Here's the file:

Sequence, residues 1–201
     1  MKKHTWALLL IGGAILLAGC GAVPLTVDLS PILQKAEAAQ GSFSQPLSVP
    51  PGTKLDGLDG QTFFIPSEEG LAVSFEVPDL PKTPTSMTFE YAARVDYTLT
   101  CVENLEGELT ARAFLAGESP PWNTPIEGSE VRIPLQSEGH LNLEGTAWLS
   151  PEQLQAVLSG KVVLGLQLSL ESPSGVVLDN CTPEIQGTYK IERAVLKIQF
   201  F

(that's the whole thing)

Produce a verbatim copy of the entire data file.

Sequence, residues 1–201
     1  MKKHTWALLL IGGAILLAGC GAVPLTVDLS PILQKAEAAQ GSFSQPLSVP
    51  PGTKLDGLDG QTFFIPSEEG LAVSFEVPDL PKTPTSMTFE YAARVDYTLT
   101  CVENLEGELT ARAFLAGESP PWNTPIEGSE VRIPLQSEGH LNLEGTAWLS
   151  PEQLQAVLSG KVVLGLQLSL ESPSGVVLDN CTPEIQGTYK IERAVLKIQF
   201  F